Case Study: Air Asia

1648 Words Dec 19th, 2013 7 Pages
Problem Statement AirAsia’s attempts to expend its service offering into long-haul flights and gaining additional recognition and market share is consistent with owner Tony Fernades’ company goal; however, the strategy changes required to be a successful long-haul airline significantly differ from and conflict with its current resource base (i.e. aircraft types, hubs, employee skills) and core competencies and capabilities (i.e. cost and efficiency optimization/utilization) as a low-cost carrier (LCC) airline.
The airline industry as a whole is quite competitive with multiple players and various elements effecting the industry environment. AirAsia has developed a specific set of resources and core competencies that it has
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However, AirAsia will not be able to utilize its point-to-point cost reduction and aircraft utilization strategy. Long-haul flights will require more time in the sky with flyer layovers and a less streamlined flight schedule. Short regional flights allow AirAsia to serve a greater number of flyers over a shorter period of time at a lesser cost (example: 2 or 3 short-haul flights in the time it takes a single long flight).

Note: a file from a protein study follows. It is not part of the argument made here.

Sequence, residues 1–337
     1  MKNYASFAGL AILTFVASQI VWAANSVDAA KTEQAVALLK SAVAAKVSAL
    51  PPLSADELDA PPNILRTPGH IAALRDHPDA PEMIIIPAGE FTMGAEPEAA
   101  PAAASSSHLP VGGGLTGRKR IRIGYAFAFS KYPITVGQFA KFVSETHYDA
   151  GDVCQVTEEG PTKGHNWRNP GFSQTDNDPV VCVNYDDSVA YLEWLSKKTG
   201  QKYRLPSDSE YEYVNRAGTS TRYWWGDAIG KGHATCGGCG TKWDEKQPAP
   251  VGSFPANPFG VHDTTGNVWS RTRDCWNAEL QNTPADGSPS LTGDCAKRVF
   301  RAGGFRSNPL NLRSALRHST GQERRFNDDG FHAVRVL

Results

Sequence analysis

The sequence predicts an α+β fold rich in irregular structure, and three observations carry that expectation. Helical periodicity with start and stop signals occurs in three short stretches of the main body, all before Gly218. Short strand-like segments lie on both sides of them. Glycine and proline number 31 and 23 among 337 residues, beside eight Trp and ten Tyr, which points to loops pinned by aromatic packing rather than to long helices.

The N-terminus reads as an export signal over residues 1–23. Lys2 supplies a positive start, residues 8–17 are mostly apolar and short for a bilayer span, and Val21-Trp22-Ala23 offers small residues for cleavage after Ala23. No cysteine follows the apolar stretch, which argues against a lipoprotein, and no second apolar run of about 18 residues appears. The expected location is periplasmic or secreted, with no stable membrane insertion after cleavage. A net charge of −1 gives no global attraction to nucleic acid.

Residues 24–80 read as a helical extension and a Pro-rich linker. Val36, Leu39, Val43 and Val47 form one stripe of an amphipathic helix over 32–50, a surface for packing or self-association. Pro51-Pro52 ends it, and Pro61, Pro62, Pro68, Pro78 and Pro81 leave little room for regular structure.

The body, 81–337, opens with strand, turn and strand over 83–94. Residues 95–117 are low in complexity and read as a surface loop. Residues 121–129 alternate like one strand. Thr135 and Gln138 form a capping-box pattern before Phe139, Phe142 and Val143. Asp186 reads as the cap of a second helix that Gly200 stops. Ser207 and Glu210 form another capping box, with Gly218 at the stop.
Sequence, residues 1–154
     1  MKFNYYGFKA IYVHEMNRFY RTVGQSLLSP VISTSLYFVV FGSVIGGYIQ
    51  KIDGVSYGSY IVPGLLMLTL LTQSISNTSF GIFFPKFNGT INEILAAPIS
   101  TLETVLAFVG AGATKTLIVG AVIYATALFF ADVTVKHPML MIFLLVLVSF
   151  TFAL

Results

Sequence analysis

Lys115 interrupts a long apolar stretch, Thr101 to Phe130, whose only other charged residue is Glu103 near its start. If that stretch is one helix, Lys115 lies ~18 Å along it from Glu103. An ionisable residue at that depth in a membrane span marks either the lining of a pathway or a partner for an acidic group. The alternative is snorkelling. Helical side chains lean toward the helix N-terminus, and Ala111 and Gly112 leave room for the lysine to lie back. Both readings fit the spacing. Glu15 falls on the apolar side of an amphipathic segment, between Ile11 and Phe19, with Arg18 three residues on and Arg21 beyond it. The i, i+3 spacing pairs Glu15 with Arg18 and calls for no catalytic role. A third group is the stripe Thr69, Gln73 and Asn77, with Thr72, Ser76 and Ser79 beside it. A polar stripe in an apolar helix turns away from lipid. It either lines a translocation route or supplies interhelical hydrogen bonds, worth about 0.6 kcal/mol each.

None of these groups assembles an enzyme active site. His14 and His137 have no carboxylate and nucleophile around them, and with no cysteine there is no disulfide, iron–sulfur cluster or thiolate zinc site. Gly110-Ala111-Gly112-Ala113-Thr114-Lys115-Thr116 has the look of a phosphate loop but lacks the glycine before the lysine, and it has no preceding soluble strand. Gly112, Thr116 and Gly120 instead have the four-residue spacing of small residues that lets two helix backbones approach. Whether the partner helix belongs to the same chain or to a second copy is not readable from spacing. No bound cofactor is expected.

Lastly, due to the highly competitive nature and over saturation of international airlines, AirAsia may not realize the same aircraft utilization in long-haul flights as it does with short flights. Regionally, South East Asia is densely populated with a large market segment consisting of budget leisure and business travelers that had been under served prior to AirAsia (pg.628). By implementing low cost strategies, AirAsia was able to capture and capitalize on the underutilized segment. Unfortunately, due to industry saturation in international long haul flights, AirAsia would have to fight to obtain a strong customer base from established airlines by providing actual or perceived value while trying to maintain cost and utilization optimization.
Another issue AirAsia may face should it overly focus on airline expansion is the fact that barriers to entry in South East Asia are relatively low. The main barrier to entry is the capital investment required to acquire aircrafts. South East Asia has

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